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Film

The Replacements

Director: Howard Deutch
Cast: Keanu Reeves, Gene Hackman, Brooke Langton, Orlando Jones, Jack Warden, Jon Favreau, Rhys Ifans

(Warner Bros.; 2000)

Guys

Humor columnist Dave Barry, in his book Dave Barry’s Complete Guide to Guys, describes the difference between guys and men by noting some qualities that guys often have. For instance, guys like neat stuff, are not good at communicating their intimate feelings, and like a really pointless challenge, which is exactly what The Replacements is really about—a bunch of everyday guys who get the chance to play for the NFL for five weeks as a result of a players’ strike over salary caps (the story is inspired by a real-life strike in 1987). These guys—quarterbacked by ex-college star Shane Falco (Keanu Reeves) and coached by Jimmy McGinty (Gene Hackman)—are charged with winning three out of the season’s last four games in order to take the Washington DC Sentinels to the playoffs. And they agree to play for what reason, exactly? A really pointless challenge—they know fully well that, as replacements, they are replaceable, and their NFL careers will end with the strike or the season.


Still, the quest for glory does something to a guy. Shane Falco misses the glory of his Ohio State days, before the disastrous Sugar Bowl that ended his football career and bruised his ego. Falco agrees to lead a team of misfits: intensely violent ex-SWAT team member named Danny (Jon Favreau); a Japanese sumo wrestler (Ace Yunomine); Welsh soccer player (Rhys Ifans, from Notting Hill) who refuses to give up his cigarette habit, even on the field; Franklin (Orlando Jones), a swift mini-mart clerk able to catch shoplifters but not the ball; a con (Michael Jace, playing the “scary black felon”) on loan for five weeks from a Maryland state prison; a sweet deaf player, Brian Murphy (David Denman); and a pair of immense bodyguards (Michael Taliferro and Faizon Love).


The games are more comedic than they are rough; although the repeated line, “That’s why girls don’t play” lets the audience know just how rough we’re supposed to think the games can be. Somehow, despite the numerous slapsticky mishaps on and off the field—for instance, barfing and brawling—the team pulls together in order to win games. They are aided in their efforts by Falco’s love interest, head cheerleader Annabelle Ferrell (Brooke Langton) and her squad of exotic dancers, whom she recruits, we assume, because the regular cheerleaders join the players on strike (the movie never explains if these cheerleaders are unionized). Annabelle and company assist the team by distracting opposing teams with their racy moves and by giving the replacements female companionship.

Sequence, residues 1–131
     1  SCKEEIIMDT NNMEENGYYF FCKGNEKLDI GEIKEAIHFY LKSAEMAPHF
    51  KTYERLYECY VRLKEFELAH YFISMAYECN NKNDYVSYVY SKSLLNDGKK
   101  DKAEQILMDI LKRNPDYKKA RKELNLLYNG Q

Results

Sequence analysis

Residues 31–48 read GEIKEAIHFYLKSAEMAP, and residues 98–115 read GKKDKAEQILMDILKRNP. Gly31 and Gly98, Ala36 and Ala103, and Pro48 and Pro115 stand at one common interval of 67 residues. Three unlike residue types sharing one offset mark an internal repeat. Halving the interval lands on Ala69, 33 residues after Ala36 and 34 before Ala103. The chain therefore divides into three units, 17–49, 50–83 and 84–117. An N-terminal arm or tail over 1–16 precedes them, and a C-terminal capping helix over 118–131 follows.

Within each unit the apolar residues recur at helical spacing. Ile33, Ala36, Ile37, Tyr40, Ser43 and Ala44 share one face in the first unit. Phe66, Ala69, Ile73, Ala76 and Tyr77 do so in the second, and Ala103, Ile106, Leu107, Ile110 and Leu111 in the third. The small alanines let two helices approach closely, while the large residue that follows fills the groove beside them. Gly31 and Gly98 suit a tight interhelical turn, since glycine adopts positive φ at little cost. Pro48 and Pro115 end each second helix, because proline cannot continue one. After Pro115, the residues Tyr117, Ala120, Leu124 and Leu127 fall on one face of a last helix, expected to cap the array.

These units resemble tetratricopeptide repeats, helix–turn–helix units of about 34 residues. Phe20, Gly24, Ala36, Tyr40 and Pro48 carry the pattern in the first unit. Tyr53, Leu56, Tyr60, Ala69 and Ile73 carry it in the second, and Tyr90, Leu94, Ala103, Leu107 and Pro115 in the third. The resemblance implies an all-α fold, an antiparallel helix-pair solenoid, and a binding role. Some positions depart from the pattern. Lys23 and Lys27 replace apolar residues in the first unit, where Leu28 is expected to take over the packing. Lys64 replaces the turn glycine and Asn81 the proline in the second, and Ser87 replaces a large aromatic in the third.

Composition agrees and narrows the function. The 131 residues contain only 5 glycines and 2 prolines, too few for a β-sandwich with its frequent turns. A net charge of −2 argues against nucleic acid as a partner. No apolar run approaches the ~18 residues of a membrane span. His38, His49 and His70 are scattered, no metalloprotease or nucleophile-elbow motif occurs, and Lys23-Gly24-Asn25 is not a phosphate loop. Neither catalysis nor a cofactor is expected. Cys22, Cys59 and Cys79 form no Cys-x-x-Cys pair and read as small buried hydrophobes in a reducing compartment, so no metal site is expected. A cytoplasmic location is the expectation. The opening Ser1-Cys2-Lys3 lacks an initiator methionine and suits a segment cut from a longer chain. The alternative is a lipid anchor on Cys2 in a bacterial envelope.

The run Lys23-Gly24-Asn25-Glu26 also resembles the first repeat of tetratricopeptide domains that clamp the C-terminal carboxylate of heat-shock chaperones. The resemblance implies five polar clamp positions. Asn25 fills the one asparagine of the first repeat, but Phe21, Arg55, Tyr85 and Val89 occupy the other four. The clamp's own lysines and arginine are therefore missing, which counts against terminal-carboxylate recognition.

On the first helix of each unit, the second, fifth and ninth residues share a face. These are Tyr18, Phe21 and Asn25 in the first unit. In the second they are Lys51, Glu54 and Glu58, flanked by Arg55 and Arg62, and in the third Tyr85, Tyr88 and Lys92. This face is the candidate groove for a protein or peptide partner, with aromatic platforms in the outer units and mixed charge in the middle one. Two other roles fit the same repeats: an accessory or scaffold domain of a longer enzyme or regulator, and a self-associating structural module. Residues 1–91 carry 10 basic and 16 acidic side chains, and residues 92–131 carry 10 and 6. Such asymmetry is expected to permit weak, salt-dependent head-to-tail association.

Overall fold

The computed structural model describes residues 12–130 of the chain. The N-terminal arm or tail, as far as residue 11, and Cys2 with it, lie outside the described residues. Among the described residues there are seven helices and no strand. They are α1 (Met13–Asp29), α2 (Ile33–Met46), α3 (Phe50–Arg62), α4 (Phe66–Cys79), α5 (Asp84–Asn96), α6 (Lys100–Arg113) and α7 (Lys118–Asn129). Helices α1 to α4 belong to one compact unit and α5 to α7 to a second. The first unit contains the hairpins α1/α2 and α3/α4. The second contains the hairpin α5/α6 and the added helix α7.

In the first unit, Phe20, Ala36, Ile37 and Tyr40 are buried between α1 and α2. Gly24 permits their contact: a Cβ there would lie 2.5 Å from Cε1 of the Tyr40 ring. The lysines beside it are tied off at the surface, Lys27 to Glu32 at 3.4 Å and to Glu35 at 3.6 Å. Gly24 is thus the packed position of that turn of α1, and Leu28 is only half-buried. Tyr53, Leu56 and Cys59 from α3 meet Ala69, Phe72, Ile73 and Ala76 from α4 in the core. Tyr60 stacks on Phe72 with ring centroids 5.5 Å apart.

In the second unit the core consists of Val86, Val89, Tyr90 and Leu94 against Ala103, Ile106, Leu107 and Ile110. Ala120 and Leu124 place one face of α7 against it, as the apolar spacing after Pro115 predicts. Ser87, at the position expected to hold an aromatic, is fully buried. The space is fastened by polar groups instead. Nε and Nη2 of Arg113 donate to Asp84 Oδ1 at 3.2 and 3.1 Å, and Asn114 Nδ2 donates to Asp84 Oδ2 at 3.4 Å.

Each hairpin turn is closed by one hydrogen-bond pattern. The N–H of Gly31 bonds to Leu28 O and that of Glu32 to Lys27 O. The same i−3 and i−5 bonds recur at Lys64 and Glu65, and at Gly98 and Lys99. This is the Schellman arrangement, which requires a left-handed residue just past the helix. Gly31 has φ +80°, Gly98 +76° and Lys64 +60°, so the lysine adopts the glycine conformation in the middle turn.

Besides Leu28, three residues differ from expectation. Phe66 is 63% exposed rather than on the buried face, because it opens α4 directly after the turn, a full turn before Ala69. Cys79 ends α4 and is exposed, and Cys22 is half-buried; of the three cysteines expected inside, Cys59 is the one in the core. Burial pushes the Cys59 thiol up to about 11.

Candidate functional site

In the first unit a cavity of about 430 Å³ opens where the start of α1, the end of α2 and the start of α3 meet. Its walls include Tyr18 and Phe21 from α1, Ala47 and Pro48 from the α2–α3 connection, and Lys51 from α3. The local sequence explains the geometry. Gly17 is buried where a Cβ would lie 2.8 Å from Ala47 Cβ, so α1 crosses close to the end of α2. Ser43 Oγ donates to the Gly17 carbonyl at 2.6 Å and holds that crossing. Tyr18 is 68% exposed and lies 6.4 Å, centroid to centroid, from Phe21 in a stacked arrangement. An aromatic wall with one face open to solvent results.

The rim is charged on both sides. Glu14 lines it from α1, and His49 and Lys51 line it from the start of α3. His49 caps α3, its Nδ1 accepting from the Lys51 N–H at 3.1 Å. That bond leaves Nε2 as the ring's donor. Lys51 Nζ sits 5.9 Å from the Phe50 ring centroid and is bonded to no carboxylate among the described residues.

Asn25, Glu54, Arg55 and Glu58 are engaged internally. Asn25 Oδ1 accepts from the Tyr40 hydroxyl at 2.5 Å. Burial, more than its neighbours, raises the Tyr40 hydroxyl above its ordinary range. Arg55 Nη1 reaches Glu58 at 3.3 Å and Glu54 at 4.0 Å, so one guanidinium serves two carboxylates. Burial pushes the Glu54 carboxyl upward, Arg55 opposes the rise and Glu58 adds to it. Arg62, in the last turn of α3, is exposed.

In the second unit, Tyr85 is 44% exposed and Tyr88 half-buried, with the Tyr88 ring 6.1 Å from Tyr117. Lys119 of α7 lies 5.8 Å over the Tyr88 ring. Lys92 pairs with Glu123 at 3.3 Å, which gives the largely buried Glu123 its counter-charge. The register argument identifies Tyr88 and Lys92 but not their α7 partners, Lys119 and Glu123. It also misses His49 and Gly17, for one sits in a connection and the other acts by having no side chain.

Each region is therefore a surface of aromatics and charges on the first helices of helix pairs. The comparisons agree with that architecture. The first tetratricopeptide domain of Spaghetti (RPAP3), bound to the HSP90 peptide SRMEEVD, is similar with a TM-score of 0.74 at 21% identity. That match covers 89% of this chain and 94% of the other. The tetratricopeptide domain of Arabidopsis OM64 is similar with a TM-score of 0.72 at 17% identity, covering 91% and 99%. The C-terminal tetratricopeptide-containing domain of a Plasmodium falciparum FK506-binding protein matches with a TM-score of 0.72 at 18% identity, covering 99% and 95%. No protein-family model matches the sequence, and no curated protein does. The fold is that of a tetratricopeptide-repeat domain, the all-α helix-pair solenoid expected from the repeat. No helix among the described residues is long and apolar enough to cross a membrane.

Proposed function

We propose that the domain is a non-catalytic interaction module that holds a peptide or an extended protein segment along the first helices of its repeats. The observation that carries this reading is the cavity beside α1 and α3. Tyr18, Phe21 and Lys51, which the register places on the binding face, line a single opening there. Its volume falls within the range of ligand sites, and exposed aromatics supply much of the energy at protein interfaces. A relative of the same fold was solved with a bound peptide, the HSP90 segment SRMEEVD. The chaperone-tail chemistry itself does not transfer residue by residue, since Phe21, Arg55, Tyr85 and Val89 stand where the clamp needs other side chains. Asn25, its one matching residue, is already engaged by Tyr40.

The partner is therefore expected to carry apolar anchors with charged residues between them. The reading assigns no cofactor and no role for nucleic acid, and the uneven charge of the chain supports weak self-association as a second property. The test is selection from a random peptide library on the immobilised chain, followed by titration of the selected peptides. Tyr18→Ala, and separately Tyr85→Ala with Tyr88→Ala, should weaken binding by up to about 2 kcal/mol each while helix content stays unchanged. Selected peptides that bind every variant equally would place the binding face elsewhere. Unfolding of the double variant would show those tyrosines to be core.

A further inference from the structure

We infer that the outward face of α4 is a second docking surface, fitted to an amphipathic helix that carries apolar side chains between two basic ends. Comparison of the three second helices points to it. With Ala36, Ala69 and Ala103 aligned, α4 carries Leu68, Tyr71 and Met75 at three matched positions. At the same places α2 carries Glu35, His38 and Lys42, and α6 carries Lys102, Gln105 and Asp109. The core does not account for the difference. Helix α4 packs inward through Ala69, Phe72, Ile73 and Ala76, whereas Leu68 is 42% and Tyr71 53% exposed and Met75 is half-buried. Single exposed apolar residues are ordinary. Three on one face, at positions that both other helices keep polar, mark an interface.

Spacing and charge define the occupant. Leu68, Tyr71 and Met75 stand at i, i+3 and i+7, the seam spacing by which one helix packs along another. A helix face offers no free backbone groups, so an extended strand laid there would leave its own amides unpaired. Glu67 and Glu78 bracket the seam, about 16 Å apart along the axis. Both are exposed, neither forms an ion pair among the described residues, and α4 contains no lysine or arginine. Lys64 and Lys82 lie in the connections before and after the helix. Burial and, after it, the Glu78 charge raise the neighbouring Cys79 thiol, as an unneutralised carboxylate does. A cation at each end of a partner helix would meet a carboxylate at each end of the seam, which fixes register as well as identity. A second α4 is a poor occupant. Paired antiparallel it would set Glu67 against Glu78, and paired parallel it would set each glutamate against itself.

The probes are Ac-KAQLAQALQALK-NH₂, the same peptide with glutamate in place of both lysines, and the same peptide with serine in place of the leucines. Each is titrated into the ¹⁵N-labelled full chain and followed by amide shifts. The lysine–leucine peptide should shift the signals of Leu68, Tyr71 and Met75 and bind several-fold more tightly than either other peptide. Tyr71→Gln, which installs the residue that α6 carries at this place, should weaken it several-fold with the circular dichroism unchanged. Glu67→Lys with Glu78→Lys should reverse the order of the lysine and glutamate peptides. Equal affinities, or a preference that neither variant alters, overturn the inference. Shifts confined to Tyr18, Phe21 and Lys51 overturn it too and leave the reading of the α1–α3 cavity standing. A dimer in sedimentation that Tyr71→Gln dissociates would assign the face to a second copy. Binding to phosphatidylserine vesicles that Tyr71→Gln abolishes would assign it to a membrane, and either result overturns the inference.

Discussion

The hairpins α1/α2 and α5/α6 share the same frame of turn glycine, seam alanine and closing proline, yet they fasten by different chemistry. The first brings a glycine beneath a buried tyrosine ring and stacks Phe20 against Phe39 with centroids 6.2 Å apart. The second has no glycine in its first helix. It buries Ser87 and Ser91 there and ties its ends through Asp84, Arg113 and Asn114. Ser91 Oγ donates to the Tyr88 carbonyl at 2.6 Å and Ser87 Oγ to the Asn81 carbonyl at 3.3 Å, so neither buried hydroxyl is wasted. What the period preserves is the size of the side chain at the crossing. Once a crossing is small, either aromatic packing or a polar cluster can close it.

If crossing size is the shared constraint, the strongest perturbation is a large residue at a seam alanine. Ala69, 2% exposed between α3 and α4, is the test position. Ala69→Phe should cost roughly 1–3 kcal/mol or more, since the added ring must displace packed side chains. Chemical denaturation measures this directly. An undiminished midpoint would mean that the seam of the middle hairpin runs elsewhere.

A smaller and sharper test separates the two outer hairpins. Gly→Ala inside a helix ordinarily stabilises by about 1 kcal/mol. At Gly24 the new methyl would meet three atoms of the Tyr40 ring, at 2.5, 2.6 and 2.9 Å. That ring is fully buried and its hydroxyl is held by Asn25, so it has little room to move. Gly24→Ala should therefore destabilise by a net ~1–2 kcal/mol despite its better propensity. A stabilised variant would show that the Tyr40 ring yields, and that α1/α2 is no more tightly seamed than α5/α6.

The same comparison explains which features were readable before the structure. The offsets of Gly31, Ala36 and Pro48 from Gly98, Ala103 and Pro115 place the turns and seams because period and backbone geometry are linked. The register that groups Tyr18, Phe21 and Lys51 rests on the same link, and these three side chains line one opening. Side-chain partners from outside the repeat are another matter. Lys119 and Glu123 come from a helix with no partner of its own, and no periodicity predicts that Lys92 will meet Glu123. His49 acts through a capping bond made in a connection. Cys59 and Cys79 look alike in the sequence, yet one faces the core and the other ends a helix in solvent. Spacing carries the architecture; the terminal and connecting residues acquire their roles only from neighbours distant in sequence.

We can laugh at and sympathize with both sets of replacements—players and cheerleaders—because their idiosyncrasies are adorable, at once innocent and extreme. Despite their clumsy effectiveness as a team, the players (with the exception of Falco) are occasions for comedy more than they are “athletes.” And our laughter at their hijinks only highlights Falco’s appeal and normalcy, compared to the rest of the team. As if to highlight his blandness, the film sets his scenes to “classic rock.” The song during Falco’s final kiss with Annabelle—David Bowie’s “Heroes”—made the audience groan when the lyrics told us, “I will be king, you will be queen, and we could be heroes.” Shane is super nice, standing up for Brian when he’s hassled by the self-absorbed pro quarterback, Eddie Martel (Brett Cullen). As a result of Shane’s moral stand, the team comes together for the first time, for a bar fight.


Throughout the film, such guy activity is shot from ground-level, as if to make it seem ordinary rather than spectacular. To this end of “familiarity,” the games take on a predictable editing rhythm: the camera shows the ball hike, cuts to the scantily-clad cheerleaders, to tackle, to cheerleaders performing lewd gyrations, to fans’ reactions, to touchdown, to cheerleaders celebrating. Never have I seen a football movie where the cheerleaders play such an important role in the development of the game.


Still, it is the guys who predominate the film’s visuals and themes. The Replacements does not ask the audience to ponder what it means to be an All-American guy, or where football fits into that identity. Rather, it tells us what it means, or what it’s supposed to mean. To be an All American guy, you have to be able to 1) take a hit on the field, 2) take a punch at the bar, 3) drink beer anywhere, 4) be attracted to women, and 5) love and know how to play football. On the other hand, to be a good woman, you have to be an exotic dancer, look great in a cheerleader costume, and drive badly (as Annabelle does during an early comic scene).


The film presents these stereotypes as funny and easy to swallow, because they are common. In other words, viewers are—as usual—encouraged to laugh at the un-beautiful people of the world. A trite montage showing cheerleader tryouts is a prime example: picture a series of awkward, overweight or otherwise “weird” women attempting the roger rabbit. And yet, The Replacements is bearable, mainly because of its utter lack of pretense, its focus on glory for regular guys, not prima donna pros. Still, the replacements achieve their brilliance through their moment in the NFL, a moment not available to most everyday joes. Their own daily lives can’t bring them the glory they desire, so they settle for football.

Cynthia Fuchs is director of Film & Media Studies and Associate Professor of English, Film & Video Studies, African and African American Studies, Sport & American Culture, and Women and Gender Studies at George Mason University.


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